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Risë Rafferty, RDN

Health Educator
Light Bearers

Migrating Motor Complex by Risë Rafferty

The Migrating Motor Complex

April 5, 2017 | Risë Rafferty, RDN

The term migration, in the animal kingdom, refers to a phenomenon that portrays rhythmic cadence, routine, and structure. Whether of butterfly, bird, or fish, the intent of migration is typically to ansure healthy survival in response to changing climates, shifting environments, or threats. For much of the animal kingdom, migration is instinctive and seasonal. Disruption of animals’ normal migratory patterns results in tragedy to the species. While throughout history man has voluntarily migrated in response to changing weather, environment, or threat, there is a natural instinctive migratory rhythm within the human body. This inner migratory pattern is found in the digestive tract and is called tingthe migrating motor complex (MMC).

The migrating motor complex is a cyclic pattern of movement that occurs in the stomach and small intestine, stimulated by electro-chemical cues. Four phases have been identified in the MMC. Phase I appears to be a quiet, restful stage without muscular contraction in the stomach and small intestine. Random contractions begin in phase II. Then these contractions increase to “bursts …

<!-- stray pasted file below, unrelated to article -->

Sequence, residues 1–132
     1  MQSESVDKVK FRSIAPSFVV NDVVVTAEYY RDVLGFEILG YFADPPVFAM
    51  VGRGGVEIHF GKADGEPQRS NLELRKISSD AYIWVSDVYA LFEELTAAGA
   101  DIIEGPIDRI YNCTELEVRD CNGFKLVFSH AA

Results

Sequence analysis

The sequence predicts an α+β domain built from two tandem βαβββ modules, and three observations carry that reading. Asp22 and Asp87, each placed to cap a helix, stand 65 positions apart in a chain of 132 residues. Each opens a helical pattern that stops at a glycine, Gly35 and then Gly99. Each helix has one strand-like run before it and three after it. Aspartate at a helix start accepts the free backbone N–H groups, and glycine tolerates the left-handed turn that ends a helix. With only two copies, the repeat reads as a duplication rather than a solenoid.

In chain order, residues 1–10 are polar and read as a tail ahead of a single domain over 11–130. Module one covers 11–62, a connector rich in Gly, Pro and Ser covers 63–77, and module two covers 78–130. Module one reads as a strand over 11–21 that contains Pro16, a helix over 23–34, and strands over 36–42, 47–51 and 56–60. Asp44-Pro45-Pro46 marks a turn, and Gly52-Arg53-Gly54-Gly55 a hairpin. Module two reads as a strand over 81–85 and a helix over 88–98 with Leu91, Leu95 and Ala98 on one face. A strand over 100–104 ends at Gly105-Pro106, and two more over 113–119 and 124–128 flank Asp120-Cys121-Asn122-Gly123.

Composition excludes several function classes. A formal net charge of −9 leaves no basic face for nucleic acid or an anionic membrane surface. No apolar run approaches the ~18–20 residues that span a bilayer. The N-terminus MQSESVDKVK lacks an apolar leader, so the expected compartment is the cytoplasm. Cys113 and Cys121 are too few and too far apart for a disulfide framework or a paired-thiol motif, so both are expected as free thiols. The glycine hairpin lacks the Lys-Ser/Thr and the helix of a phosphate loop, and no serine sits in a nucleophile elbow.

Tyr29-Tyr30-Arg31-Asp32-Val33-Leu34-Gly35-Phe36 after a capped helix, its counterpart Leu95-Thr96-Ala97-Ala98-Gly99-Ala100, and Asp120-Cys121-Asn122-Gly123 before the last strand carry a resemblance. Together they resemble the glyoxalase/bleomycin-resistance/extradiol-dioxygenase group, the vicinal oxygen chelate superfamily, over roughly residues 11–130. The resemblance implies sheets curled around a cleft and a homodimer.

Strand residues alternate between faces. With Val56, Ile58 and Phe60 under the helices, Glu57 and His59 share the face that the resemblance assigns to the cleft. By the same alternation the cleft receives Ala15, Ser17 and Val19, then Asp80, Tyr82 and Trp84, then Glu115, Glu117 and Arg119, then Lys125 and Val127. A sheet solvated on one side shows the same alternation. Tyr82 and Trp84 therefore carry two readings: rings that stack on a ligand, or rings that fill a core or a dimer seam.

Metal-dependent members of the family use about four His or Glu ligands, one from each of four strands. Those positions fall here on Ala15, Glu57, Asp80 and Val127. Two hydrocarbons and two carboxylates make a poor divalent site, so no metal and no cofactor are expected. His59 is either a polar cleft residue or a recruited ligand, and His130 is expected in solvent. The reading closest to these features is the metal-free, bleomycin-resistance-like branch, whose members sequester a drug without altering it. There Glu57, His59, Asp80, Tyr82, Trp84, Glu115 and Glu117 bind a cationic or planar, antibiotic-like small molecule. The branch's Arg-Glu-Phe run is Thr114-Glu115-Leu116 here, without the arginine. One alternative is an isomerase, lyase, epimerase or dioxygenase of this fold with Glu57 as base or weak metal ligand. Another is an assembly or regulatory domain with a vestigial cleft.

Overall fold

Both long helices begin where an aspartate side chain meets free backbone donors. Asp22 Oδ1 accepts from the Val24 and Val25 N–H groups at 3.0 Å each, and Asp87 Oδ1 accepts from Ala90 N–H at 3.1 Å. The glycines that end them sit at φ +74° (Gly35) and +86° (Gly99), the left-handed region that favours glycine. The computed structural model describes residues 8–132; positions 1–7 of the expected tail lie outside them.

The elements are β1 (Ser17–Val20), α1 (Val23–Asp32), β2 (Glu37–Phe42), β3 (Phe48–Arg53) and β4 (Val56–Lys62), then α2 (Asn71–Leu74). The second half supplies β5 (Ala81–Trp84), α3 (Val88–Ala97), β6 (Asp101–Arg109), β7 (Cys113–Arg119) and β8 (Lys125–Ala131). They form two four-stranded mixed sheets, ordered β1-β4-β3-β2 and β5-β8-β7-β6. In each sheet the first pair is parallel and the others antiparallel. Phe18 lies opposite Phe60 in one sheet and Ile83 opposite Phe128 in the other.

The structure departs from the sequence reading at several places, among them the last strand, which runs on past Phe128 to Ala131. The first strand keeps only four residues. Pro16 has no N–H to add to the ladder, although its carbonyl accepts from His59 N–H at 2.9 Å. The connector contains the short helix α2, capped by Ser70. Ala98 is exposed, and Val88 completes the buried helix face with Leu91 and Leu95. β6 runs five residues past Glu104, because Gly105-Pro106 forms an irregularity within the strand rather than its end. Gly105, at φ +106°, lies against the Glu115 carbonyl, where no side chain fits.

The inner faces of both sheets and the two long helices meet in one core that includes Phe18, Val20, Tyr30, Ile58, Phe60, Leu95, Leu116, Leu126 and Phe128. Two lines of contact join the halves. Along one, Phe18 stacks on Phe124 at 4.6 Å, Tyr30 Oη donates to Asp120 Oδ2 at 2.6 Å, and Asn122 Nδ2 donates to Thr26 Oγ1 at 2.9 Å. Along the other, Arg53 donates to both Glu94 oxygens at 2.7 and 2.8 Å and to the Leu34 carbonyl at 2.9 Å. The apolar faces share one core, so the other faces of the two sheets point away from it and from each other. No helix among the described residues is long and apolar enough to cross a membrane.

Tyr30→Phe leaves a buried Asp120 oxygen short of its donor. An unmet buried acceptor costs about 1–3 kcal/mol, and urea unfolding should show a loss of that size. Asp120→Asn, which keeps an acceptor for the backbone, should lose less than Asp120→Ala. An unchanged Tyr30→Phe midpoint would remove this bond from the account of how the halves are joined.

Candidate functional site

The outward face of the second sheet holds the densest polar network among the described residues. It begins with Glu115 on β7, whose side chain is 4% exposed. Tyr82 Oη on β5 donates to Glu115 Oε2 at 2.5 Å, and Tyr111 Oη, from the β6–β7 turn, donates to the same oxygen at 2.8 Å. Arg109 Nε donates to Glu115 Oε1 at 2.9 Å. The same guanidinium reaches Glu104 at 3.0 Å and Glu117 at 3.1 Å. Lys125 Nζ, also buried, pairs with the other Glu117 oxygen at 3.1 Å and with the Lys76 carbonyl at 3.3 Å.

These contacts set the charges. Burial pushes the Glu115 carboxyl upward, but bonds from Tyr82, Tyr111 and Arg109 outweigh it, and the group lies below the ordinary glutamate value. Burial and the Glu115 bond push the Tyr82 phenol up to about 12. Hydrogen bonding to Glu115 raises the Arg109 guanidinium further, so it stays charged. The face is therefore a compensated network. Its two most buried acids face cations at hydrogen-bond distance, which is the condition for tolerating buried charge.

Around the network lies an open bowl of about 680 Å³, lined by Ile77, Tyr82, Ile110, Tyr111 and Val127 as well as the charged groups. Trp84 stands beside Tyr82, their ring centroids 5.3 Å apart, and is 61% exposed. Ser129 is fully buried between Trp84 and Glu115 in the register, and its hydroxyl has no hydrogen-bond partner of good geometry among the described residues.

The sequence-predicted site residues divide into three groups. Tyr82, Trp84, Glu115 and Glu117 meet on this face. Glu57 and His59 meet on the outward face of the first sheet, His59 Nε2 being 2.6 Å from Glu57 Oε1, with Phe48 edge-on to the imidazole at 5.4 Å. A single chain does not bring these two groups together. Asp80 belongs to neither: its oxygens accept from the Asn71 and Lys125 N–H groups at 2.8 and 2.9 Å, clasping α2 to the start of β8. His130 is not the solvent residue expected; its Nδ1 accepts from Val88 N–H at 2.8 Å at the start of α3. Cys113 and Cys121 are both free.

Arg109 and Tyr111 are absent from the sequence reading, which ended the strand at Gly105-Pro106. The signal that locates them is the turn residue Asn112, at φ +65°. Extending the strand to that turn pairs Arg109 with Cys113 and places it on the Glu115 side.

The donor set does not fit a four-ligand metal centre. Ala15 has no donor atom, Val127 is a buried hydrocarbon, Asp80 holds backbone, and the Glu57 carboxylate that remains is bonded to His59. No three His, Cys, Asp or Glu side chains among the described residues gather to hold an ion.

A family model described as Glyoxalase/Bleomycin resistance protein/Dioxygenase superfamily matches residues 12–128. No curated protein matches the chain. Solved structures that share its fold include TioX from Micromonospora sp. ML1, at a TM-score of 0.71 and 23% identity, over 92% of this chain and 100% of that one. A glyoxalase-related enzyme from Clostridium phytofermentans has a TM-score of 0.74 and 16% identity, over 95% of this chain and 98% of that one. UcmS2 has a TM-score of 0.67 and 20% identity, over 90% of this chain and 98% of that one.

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Risë Rafferty, RDN

Health Educator
Light Bearers

Spinach by Risë Rafferty

Spinach

March 1, 2017 | Risë Rafferty, RDN

Spinach is an extremely nutrient-packed vegetable. Its tender leaves and mild flavor have made it a versatile food. Interestingly, the cooler the temperatures and the more stress the spinach experiences while growing, the denser the vitamins and minerals it contains. Unfortunately, even though spinach is probably one of the most commonly consumed dark green leafy vegetables, the average American (myself included) does not get anywhere near the three cups a day of green leafy vegetables that Dr. Terry Wahls consumed to address her multiple sclerosis. Her testimony is quite provocative, as she shares how, with the aid of dramatic dietary intervention, she went from being wheelchair bound to riding bikes and running. After reaping such results, Dr. Wahls is motivated to eat her greens. What would motivate you to eat more green leafy vegetables?

Cancer fighter

Rather than saying that green vegetables prevent cancer, science likes to identify individual substances that have proven efficacy in the lab. Spinach contains chlorophyll; chlorophyllin, a substance produced from chlorophyll; NOG (N-oxalylglycine); and MGDG, …
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Risë Rafferty, RDN

Health Educator
Light Bearers